Northwestern University and Evanston's Only Daily News Source Since 1881

The Daily Northwestern

Northwestern University and Evanston's Only Daily News Source Since 1881

The Daily Northwestern

Northwestern University and Evanston's Only Daily News Source Since 1881

The Daily Northwestern


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‘Phineas and Ferb’ parody musical: ‘Gitchy Goosical’ tackles the college experience with beloved characters

Northwestern+performing+arts+students+bring+classic+childhood+cartoon+characters+to+life.+%0A
Madeline King/The Daily Northwestern
Northwestern performing arts students bring classic childhood cartoon characters to life.

A student-written “Phineas and Ferb” parody musical titled “Gitchy Goosical: The Phineas and Ferbsical” came to life Friday night. Actors depicted college-aged versions of the original cartoon friend group, navigating fraternity recruitment, breakups, hookup culture, college parties, murder, the death of their mother and the death of their adventurous pet, Perry the Platypus. 

About 20 sophomores majoring in the performing arts gathered in Room 217 of Fisk Hall to perform their original piece for an active audience.

Communication sophomore and “Gitchy Goosical” director Nastia Goddard said her top priority was making all members of the sophomore theater class feel included. 

“I wanted it to feel like the Class of 2026 had this one baby that we were all working on together,” Goddard said. 

According to Goddard, the script was written over the course of one hour during Fall Quarter. The writers aimed to explore the expectations and realities of the college experience through characters that were young children in the original cartoon, Goddard said.

Only one rehearsal occurred before “Gitchy Goosical,” and it took place only a few hours before the show, Goddard said. 

Haley Bart, the Communication sophomore playing Isabella, said it was refreshing to take part in a production without the typical formalities and strenuous rehearsal schedule.

“It was honestly very experimental and fun to do something that didn’t have to be this really put together thing,” Bart said. “It was just for fun, and that was very abundantly clear in the rehearsal room.”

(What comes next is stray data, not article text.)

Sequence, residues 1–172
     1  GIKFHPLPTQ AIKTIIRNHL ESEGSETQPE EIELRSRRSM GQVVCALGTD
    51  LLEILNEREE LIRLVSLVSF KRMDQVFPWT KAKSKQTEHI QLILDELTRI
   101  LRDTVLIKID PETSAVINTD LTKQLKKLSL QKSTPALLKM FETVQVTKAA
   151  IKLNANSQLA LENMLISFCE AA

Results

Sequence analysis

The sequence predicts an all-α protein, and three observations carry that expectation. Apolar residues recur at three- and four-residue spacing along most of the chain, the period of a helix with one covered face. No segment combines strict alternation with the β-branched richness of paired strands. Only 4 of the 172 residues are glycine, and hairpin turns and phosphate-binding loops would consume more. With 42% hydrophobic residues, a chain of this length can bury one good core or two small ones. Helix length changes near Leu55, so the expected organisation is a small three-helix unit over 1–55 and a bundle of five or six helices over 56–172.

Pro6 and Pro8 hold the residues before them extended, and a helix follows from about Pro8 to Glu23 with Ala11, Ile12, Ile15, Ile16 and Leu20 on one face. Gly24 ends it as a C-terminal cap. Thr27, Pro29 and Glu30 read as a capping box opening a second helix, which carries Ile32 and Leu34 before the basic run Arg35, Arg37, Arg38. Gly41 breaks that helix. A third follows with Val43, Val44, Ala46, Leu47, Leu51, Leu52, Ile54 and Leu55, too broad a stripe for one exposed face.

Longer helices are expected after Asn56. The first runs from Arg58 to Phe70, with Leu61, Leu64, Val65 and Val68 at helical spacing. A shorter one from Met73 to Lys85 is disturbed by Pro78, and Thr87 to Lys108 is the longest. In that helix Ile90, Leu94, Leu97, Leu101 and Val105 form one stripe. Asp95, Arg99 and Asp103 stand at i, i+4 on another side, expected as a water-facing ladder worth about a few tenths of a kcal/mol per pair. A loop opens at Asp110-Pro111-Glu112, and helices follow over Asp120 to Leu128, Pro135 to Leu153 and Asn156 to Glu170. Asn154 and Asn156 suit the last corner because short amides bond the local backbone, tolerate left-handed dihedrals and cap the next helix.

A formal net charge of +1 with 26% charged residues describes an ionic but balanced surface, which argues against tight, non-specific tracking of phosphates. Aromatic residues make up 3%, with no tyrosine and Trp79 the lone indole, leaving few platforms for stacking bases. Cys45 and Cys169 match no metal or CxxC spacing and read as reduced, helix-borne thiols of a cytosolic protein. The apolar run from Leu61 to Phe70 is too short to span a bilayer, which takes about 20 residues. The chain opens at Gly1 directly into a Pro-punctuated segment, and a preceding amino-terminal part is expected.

Goddard said she wanted to create a show that kept the audience laughing and relieved their stress, she said. She said the sound of the audience’s laughter was “fueling.”

“Any time someone laughed, a little alarm bell went off in my head saying, ‘It’s working! It’s working!,’” Goddard said. 

The show even implemented artificial intelligence. During the performance, the audience watched a projection of Goddard’s mirrored laptop screen as ChatGPT generated a monologue for Ferb confessing his love for Vanessa Doofenshmirtz. 

Communication sophomore Georgia Mann, who plays Vanessa, said unexpected moments like the ChatGPT monologue made it difficult to stay in character. 

“The guy playing Ferb and I just started laughing,” Mann said. “What else are we going to do but smile and hope everyone else thinks it’s as funny as we do?” 

Projections, LED floodlights and a flashlight acting as a spotlight created the technical landscape, according to lighting designer and Communication sophomore Sam Bessler. 

Bessler said he embraced the homemade feeling of the production. 

“Doing it with my friends only made it better to design for,” Bessler said. “You can’t really go wrong when you’re just trying to do something stupid with a group of friends.” 

Although the show was originally created as a joke between members of the sophomore theater class, Mann said she hoped audiences felt part of the joke.

“I hope people walked away a little bit confused, a little bit uncomfortable and a lot a bit entertained,” Mann said.

Email: [email protected]

Twitter: @madelineking_18

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